Although people over age 65 make up only an eighth of the U.S. population, they constitute as many as a third of all scam victims. The reasons for this disproportionate vulnerability may be related to memory loss, loneliness and a more trusting nature. Scammers approach their victims by phone, by mail and by e-mail, and scams can involve identity theft, insurance fraud, investment fraud, credit card charges, phony lotteries and fake sweepstakes.
Learn how to use available resources to help get others to check their credit reports, remove their information from untrustworthy call lists and mailing lists and shred their unneeded personal documents.
This Fraud Fighters Do It Yourself (DIY) toolkit was created for you to help family, friends and neighbors educate themselves on the risks of consumer fraud. By following a few simple steps, you can help take action and minimize the incidence of fraud.
The AARP Fraud Watch Network (www.aarp.org/fraudwatchnetwork) is a great resource for staying up on con artists' latest tricks and finding out what to do if you - or a family member, friend or neighbor - is victimized.
STEP 1: GET STARTED - SELECT THREE FRIENDS OR NEIGHBORS
Choose three friends or neighbors or family members you plan to assist. (Of course, you can help as many as you would like, but three is a great starting point.)
STEP 2: REVIEW THE "TIPS FOR PROTECTING YOUR PERSONAL INFORMATION"
You can copy and forward this tip sheet (below) or print and share it with a family member, friend or neighbor. You may even want to offer to help put their names on the Do Not Call list; to post a simple “I am not interested” script by their phone; and/or to stop unwanted pre-approved credit offers from coming their way. You can always print more copies.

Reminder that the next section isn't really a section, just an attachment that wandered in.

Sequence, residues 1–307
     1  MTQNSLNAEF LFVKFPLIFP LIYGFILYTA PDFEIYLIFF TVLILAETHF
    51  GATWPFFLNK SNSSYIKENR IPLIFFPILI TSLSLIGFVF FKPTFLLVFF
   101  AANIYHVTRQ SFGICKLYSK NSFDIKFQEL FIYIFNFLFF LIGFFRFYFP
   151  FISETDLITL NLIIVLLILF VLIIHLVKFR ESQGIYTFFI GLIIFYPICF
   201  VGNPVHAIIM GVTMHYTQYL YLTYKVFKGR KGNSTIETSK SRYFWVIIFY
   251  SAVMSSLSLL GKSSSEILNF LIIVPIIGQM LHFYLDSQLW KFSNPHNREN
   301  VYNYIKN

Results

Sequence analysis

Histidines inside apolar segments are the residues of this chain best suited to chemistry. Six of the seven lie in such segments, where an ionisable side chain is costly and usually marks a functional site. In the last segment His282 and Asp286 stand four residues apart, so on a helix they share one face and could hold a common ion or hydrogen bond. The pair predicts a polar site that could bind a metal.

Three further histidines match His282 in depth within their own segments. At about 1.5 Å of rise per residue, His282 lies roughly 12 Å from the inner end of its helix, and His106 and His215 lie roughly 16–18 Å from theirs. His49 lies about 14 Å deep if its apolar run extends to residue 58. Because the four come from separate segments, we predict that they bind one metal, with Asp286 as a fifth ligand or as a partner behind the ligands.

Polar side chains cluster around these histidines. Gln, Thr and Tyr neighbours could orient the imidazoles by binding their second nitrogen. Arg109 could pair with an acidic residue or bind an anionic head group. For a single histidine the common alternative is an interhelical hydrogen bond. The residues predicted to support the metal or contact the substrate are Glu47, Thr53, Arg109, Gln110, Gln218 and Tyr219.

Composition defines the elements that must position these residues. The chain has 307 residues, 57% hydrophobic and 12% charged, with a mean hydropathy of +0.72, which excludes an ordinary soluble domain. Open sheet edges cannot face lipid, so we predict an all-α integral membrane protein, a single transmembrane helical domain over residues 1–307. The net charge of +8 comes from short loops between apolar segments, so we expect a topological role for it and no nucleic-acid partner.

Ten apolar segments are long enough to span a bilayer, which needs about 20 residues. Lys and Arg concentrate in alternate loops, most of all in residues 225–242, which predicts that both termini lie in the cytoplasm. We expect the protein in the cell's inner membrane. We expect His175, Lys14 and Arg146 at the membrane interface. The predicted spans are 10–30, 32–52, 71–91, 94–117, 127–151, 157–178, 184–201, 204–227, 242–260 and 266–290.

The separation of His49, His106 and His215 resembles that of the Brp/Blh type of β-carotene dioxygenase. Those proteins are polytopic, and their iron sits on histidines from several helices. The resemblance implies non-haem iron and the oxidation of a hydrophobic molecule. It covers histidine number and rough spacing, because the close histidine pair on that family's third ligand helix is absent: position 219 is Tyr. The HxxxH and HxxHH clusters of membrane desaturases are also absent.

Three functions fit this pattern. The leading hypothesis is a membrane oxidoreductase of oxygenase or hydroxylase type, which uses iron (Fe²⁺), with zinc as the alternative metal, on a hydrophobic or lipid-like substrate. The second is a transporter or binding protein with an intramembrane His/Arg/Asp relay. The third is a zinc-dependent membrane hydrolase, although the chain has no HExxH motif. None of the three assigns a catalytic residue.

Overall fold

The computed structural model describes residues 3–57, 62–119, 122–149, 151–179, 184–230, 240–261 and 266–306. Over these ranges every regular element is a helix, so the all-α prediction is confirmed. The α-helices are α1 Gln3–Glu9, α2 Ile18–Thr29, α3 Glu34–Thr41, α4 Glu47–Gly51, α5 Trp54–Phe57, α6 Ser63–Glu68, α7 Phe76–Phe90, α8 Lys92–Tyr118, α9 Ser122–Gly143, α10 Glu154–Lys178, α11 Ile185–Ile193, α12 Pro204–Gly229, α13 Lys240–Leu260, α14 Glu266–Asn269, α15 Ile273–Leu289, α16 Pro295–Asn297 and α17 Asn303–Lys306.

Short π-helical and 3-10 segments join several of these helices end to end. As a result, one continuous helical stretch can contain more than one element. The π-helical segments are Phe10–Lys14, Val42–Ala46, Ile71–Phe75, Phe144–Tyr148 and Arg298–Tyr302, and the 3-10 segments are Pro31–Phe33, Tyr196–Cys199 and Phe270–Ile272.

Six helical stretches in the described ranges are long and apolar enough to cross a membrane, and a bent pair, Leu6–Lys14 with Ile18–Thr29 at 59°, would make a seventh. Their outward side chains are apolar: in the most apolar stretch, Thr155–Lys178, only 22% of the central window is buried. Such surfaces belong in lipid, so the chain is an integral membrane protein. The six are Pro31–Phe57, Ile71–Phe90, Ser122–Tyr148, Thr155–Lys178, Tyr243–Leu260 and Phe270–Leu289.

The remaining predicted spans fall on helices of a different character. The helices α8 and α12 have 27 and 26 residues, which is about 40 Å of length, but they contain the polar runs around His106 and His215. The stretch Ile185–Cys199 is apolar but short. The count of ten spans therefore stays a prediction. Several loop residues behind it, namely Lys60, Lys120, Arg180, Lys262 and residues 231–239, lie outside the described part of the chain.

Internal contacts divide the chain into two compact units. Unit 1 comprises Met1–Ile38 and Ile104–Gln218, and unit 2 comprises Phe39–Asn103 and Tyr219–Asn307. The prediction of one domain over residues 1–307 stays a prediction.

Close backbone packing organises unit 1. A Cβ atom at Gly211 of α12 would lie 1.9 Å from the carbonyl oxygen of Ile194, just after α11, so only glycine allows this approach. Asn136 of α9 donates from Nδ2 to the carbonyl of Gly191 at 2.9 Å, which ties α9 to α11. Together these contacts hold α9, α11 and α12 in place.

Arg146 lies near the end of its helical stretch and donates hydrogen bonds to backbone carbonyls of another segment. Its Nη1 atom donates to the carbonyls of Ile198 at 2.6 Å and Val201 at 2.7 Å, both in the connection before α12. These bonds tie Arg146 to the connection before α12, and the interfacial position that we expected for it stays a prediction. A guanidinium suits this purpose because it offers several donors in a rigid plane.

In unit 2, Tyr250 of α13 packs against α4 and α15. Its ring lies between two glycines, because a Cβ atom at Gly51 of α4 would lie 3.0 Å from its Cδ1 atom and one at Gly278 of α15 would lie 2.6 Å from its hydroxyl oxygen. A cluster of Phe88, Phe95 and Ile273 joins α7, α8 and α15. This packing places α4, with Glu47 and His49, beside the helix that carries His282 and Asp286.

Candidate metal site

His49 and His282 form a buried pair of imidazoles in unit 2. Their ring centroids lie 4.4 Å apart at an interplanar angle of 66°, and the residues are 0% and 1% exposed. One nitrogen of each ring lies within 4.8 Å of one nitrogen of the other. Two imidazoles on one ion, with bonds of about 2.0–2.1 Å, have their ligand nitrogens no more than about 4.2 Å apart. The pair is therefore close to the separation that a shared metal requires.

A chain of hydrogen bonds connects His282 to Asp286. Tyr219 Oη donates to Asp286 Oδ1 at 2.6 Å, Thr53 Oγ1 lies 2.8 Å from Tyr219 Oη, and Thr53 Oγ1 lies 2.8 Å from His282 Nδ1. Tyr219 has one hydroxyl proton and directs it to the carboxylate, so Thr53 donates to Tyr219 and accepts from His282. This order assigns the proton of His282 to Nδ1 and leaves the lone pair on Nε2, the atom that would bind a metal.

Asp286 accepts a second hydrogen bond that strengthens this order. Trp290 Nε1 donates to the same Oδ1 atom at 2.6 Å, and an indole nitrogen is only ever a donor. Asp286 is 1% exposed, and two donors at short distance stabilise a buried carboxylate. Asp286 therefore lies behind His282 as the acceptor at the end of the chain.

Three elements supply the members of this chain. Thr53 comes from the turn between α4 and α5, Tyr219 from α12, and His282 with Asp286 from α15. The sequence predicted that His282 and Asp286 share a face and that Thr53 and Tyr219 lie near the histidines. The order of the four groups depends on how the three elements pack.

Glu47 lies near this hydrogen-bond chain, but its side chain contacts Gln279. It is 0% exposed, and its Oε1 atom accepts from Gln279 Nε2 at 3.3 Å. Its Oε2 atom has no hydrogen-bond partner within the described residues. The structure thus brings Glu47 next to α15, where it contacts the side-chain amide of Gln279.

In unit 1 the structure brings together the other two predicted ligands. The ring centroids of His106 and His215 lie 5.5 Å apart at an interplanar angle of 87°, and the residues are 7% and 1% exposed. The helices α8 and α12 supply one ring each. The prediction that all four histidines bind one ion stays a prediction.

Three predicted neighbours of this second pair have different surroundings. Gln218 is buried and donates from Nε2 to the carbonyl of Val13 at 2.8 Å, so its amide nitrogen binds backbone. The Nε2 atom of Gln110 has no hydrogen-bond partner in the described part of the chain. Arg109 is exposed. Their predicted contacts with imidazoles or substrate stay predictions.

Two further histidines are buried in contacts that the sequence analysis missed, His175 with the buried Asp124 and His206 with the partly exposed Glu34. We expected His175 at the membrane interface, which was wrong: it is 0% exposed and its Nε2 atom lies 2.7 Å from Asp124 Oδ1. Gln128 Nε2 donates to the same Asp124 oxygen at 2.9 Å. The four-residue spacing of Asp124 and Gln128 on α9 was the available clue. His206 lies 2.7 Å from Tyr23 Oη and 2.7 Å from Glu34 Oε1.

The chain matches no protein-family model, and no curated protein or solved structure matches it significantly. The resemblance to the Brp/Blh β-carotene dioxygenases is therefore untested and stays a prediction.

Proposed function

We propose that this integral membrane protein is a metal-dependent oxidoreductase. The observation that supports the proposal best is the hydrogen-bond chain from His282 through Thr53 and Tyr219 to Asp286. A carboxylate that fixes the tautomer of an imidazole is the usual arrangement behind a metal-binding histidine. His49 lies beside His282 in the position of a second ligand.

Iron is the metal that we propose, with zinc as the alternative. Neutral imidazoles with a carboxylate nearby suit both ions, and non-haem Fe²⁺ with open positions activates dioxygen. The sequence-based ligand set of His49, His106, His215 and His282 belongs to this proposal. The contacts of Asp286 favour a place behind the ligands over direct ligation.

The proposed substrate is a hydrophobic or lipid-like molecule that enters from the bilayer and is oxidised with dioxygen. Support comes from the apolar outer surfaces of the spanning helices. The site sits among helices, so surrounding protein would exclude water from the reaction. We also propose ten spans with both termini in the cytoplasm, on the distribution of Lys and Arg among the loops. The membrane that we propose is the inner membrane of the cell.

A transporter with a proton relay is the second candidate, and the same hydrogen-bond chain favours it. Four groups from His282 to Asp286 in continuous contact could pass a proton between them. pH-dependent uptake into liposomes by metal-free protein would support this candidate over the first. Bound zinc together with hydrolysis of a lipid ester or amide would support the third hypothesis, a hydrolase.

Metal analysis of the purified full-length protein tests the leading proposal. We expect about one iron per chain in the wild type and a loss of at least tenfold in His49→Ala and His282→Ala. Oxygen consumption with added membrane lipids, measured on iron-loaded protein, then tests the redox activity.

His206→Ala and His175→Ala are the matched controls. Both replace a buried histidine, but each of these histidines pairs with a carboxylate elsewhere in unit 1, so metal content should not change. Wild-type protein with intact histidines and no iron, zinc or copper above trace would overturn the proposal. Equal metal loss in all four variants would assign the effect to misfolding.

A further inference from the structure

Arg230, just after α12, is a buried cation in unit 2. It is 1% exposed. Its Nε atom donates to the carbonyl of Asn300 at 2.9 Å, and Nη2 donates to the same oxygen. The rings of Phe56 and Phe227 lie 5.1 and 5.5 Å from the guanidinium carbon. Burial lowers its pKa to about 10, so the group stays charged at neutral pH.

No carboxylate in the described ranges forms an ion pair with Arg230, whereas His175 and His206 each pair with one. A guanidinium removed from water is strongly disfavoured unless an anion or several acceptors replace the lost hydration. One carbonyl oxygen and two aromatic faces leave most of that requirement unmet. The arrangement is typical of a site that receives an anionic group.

STEP 3: REVIEW THE "TIPS FOR STOPPING AND SPOTTING INVESTMENT FRAUD" BELOW
Share and offer to review this tip sheet (below) on how to spot and stop investment fraud with family, friends, or neighbors. You can always print more copies for other acquaintances.
For more information on fighting fraud, visit www.aarp.org/fraudwatchnetwork.
STEP 4: FIND OUT ABOUT SHREDDING EVENTS IN YOUR COMMUNITY
Community shredding events help citizens prevent fraud at the most basic level by safely destroying documents such as old credit card and bank statements, which often contain individuals’ personal identifying information. Offer a ride to others who cannot drive or who need help carrying the heavy paperwork, so they can safely get rid of documents (rather than throwing them in the trash where thieves can find them).
STEP 5: INSPIRE OTHERS ON CREATE THE GOOD
KEEP UP THE GOOD!
Visit Create The Good for a wide range of opportunities to use your life experience, skills and passions to benefit your community.
How can you help your family, friends and neighbors protect their personal information? Here are some tips you can give them:
- To stop unwanted telemarketing phone calls, join the national Do Not Call Registry by calling, toll-free, 1-888-382-1222 from the number you want to register, or go to www.donotcall.gov. You can register your home phone and your cell phone.
- To stop getting pre-approved offers of credit or insurance, call, toll-free, 1-888-5-OPT-OUT.
- Paste an “I am not interested” script by your telephone that reminds you to just tell anyone trying to sell you something that you are not interested. Then just hang up! Never give out personal information on the phone, through the mail, or over the Internet unless you have initiated the contact and know who the party is on the other side of the transaction.